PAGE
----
From Delayed Thanksgiving Days to a Celebration of
Allen S. Maller
American Jews will celebrate a double holiday this year
as they first did 2,177 years ago.
November 28 of 2013 is Thanksgiving Day and
the first full day of Hanukah, the eight-day
Jewish festival of lights, which begins at sundown the previous
The last time the two holidays converged occurred 125
years ago, in 1888.
The next convergence of Thanksgiving and Hanukkah will
not happen until 2070, when the first night
of Hanukkah — the holiday begins at sundown — will fall on
The American holiday of Thanksgiving was originally
inspired by the Biblical holiday of Sukkot, a fall harvest pilgrimage
festival of thanksgiving.
The pilgrimage festival of Sukkot during Biblical times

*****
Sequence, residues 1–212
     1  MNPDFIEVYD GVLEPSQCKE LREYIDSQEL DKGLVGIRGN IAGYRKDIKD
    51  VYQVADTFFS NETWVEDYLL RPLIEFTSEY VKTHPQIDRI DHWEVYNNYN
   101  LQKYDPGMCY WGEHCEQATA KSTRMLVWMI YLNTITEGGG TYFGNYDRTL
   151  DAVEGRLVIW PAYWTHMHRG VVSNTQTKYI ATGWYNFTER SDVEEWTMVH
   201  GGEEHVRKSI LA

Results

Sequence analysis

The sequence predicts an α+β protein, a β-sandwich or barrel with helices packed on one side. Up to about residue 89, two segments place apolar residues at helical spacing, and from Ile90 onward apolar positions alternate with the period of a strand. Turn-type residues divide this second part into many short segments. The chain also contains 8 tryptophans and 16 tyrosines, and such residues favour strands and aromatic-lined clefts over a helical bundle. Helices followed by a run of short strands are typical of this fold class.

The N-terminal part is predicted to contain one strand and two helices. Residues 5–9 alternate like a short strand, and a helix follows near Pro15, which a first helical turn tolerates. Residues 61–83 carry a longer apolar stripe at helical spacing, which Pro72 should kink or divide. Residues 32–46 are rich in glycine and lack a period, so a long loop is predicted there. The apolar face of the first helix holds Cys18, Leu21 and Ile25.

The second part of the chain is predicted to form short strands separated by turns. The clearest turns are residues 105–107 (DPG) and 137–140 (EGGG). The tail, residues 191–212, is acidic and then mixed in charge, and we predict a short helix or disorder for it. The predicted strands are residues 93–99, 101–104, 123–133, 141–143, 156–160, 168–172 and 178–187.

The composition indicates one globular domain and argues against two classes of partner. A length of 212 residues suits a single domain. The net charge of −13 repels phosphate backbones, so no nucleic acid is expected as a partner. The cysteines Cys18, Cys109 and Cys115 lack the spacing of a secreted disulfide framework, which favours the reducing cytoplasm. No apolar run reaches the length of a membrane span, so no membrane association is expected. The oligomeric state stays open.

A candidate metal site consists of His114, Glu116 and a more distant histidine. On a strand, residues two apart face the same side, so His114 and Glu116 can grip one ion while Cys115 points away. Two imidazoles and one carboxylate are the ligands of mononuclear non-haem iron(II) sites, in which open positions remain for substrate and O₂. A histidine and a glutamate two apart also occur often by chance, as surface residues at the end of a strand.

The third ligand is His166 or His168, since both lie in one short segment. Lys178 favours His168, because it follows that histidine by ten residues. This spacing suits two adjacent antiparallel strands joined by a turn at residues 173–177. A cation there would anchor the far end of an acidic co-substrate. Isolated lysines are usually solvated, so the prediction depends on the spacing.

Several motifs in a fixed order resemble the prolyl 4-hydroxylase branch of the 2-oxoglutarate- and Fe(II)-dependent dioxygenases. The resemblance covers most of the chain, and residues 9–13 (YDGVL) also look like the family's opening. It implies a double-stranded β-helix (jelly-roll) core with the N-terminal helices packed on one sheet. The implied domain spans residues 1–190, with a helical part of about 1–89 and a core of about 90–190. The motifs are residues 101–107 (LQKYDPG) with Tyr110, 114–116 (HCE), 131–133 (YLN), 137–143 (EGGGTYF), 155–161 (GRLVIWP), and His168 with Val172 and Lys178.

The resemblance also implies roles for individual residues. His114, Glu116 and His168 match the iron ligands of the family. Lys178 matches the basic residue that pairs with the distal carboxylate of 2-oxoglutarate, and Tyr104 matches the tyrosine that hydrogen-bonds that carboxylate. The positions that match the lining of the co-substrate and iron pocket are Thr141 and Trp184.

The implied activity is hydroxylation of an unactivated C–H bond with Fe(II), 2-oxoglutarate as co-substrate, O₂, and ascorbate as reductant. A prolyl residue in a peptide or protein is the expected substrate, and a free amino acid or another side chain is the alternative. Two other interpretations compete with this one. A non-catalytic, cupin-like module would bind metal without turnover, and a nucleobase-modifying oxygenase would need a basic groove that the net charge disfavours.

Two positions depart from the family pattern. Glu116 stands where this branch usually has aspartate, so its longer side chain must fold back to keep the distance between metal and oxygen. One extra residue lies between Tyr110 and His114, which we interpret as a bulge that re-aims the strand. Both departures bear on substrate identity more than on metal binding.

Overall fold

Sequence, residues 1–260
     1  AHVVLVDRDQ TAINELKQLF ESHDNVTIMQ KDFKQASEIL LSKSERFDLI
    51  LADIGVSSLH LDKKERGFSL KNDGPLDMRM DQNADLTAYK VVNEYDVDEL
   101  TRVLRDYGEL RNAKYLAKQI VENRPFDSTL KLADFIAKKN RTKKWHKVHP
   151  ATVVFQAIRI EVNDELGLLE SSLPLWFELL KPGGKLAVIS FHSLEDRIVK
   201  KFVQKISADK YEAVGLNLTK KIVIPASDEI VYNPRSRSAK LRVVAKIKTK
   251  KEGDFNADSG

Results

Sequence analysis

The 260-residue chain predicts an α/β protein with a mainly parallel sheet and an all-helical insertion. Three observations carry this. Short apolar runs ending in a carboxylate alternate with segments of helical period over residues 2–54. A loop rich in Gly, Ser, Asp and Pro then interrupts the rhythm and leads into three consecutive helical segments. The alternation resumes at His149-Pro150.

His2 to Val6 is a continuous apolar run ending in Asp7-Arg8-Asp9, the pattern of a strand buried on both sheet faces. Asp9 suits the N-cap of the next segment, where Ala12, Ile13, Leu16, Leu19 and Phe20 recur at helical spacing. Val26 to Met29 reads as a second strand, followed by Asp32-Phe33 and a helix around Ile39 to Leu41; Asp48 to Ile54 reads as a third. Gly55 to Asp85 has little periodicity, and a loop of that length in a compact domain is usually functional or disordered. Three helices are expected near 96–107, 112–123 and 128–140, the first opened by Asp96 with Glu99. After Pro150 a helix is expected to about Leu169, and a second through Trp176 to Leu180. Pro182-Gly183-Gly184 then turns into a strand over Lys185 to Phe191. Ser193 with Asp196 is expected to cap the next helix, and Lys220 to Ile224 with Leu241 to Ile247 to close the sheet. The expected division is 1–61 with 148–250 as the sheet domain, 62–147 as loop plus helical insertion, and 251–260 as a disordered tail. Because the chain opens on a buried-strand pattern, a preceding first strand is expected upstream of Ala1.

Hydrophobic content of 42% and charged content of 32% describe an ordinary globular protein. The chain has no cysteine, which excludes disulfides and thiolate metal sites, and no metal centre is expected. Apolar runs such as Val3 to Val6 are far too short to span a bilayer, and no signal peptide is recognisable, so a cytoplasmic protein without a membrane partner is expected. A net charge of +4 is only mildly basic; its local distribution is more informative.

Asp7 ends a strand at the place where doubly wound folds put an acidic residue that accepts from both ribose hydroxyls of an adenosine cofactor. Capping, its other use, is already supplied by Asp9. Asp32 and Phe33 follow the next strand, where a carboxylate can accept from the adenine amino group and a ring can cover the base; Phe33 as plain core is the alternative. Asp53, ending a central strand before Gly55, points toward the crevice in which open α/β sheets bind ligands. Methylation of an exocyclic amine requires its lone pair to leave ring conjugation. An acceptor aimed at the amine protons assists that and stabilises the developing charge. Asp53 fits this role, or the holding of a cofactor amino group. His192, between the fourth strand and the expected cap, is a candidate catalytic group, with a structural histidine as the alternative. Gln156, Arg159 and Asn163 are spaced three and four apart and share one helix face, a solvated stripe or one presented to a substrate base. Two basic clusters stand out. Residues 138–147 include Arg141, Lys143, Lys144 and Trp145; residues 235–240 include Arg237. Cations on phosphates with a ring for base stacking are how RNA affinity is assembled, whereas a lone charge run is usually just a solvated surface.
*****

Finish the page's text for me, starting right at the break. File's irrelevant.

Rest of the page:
was one of the two most important holidays in the Jewish year,
especially for Jewish farmers. In Jewish sources it is often called
“HeChag”—” “The Holiday.”
On Sukkot vast numbers of Jews traveled to Jerusalem to
give thanks to God for the crops they had just harvested. Thus, the
Temple was usually crowded with grateful worshippers rejoicing on
Sukkot as at no other time of the year.
And then came the dreadful years of persecution by
IV, the Syrian Greek king.
This was the first known attempt
at suppressing a minority religion, but unfortunately not the last.
Other well known attempts were the
three century long Roman persecution of Christianity, and the
persecution of Muhammad and his followers by the majority of pagan
Arabs in Makka.
All three religions emerged from